search routine returns the expected fragment radius of 1.5Rf, max with an uncertainty of ∼ 25%.
We also note that these dust comae have optical depths of τ ∼ (2 to 4) × 10−5 in a 0.300 –wide box
centered on the comae photocenters. Thus if these fragments have sizes near their upper limits,
their additional light–contribution would be at the ∼ 10 to 20% level. Note also that the size limits
obtained for fragments H and K are comparable to the fragment sizes reported as detections by
Sekanina ((Sekanina 1995), (Sekanina 1996)), and that the upper limit reported for fragment G
in Table II is significantly smaller than Sekanina’s Rf ' 2 km measurement. However, solving
the Humpty–Dumpty problem using Sekanina’s (1995) and (1996) fragment size estimates would
require a progenitor comet having a radius of at least 7 km, which is considerably larger than most
other size estimates reported elsewhere.
The gravitating ‘rubble–pile’ variety of tidal breakup models favor an S–L 9 progenitor radius
of 0.75–0.9 km ((Asphaug and Benz 1994), (Asphaug and Benz 1996), (Solem 1994)). If one assumes the tidally disrupted S–L 9 debris was mostly contained among the 10 or so bright on-axis
fragments, then their average radii was ∼ 0.4 km. Indeed, models of the fragments’ atmospheric
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entry and the subsequent fireball development indicate the impactors had radii Rf . 0.25 to 0.5 km
((Mac Low 1996), (Molina et al. 1997); however see (Sekanina 1996)). However some of the fragments might have been larger as suggested by the amount of post–impact debris seen in Jupiter’s
atmosphere. Millimeter observations of CO emission at the impact sites of fragments G and K
yield a CO mass estimate of ∼ 1014–15 gm ((Lellouch 1996), (Lellouch et al. 1997)). While the
jovian atmosphere may have contributed some if not most of the observed carbon via impactinduced chemistry, the oxygen was probably of cometary origin since recent measurements indicate
Jupiter’s atmosphere is deficient in oxygen ((Niemann et al. 1996), (Encrenaz et al. 1996)). These
CO measurements thus place a lower limit of Rf & 0.35 km on the radii of fragments G and K.
However the S–L 9 fragments could not have been very much smaller than the limit Rf,max
established here, for otherwise their vigorous dust emission would result in complete evaporation
before striking Jupiter. The lower limit on their radii is Rf,min = (3Ṁ ∆t/4πρf )1/3 ∼ 100 meters
in order for a fragment of density ρf = 0.6 gm/cm3 to sustain a mass loss rate of Ṁ ∼ 20 kg/sec
during the ∆t ' 2 year passage about Jupiter. Consequently, these observations constrain the radii
of the these fragments to lie within the size interval 0.1 . Rf . 1.5 km, without these fragments
ever actually having been observed directly. The fragment size limits obtained here are in good
agreement with models of the tidal breakup event as well as observations and models of the Jupiter
impacts, which suggest the S–L 9 impactors had radii Rf ∼ a few hundred meters. But due to a
rather vigorous production of dust, some of these fragments may have lost appreciable amounts of
mass throughout their orbit. Note that fragments F, J, P1 , P2 , T, and U did not exhibit impact
signatures ((Hammel et al. 1995), (Chodas and Yeomans 1996)), and these bodies may simply have
exhausted most of their mass prior to impact.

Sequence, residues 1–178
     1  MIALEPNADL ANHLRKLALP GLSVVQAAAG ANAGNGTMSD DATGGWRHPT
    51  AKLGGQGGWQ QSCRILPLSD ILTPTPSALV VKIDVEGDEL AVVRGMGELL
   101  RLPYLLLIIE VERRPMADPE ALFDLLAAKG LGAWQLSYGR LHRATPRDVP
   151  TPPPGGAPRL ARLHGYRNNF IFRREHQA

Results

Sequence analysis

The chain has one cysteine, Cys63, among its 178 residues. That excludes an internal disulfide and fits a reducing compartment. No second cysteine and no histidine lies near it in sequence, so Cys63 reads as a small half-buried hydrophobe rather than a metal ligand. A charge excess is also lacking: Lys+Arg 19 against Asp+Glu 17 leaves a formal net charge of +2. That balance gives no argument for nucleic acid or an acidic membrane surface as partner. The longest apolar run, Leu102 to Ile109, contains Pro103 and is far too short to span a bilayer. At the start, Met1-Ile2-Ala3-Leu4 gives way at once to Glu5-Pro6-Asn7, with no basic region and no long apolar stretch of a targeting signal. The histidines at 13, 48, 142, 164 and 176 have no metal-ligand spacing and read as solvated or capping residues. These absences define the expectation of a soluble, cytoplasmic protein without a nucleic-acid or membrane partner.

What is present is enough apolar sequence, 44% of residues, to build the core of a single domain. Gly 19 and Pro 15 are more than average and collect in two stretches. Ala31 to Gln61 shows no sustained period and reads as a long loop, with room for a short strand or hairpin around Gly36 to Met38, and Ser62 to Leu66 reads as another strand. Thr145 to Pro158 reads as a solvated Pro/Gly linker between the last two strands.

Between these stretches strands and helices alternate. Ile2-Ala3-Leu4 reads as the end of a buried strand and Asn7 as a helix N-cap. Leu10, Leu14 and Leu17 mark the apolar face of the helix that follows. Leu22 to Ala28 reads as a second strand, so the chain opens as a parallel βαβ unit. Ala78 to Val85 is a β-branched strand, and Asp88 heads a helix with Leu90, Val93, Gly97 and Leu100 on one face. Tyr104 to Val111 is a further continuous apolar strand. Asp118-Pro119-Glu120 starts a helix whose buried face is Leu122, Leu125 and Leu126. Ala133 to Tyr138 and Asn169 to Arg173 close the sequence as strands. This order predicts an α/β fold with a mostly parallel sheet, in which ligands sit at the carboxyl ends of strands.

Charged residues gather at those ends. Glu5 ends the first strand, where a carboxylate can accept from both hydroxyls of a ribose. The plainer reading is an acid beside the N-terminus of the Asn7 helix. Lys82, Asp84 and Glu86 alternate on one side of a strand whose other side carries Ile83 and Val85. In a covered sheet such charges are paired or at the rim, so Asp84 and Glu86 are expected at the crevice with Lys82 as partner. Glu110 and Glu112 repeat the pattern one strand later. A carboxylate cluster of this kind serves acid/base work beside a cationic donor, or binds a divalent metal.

Summary and Conclusions
The dust size and velocity distributions for Comet Shoemaker–Levy 9 fragments G, H, K, and
L have been extracted from Hubble Space Telescope observations by fitting a model of a cometary
dust tail to the data. It is assumed here that the S–L 9 dust production was steady since the moment
of tidal breakup, that dust emission was isotropic across each fragment’s sunlit hemisphere, and that
the dust grains had an albedo = 0.04 and bulk density ρd = 1 gm/cm3 independent of grain size.
Since radiation pressure spatially segregates dust according to size, image–fitting techniques yield
production rates for the grains of radii 10 µm . R . 3 mm that dominate the dust comae optical
depth. Upper limits are established for the production of grains outside this size window. The S–L
9 grains studied here are considerably larger than the ∼ 1–10 µm grains that usually dominate the
scattering of sunlight by most cometary comae ((Fulle 1987), (Grün and Jessberger 1990)). The
S–L 9 dust size distribution power–law size index, which averages to a = 2.3 ± 0.1 for the fragments
studied here, is considerably shallower than the a ' 3 to 4 reported for many other comets (e.g.,
(Tokunaga et al. 1986), (Waniak 1992), (Fulle 1992), (Fulle 1994), (Sekanina et al. 1992)). The
average phase coefficient for these four fragments is β = 0.018 ± 0.003 magnitudes/degree.
– 13 –
The dust tail model employed here failed to find a satisfactory fit to images of fragment S due
to an asymmetric dust feature present in this fragment’s coma. As this feature appears stationary
for at least 3 months, it is more likely the remnant of a brief outburst of dust (rather than a
steady jet) from a localized spot on the fragment’s surface, with the burst being activated prior to
detection on January 25, 1994. The comae of the remaining fragments were otherwise featureless.
The coma fitting algorithm could not uniquely disentangle the sunlight reflected by a spatially
distributed dust coma from the sunlight reflected by an unresolved comet fragment; this yields only
upper limits on the radii of the fragments, Rf, max ' 1.0–1.5 km assuming an albedo = 0.04. But
to sustain the rather heavy dust production rate of Ṁ ∼ 20 kg/sec during their final two year
orbit about Jupiter, these fragments must have had radii in excess of ∼ 0.1 km. This vigorous
dust production might have been a consequence of tidal disruption, which effectively removed any
ancient surface mantle from the S–L 9 parent body that would otherwise inhibit the emission of
large dust grains. It is also noted that several other S–L 9 fragments disappeared from view without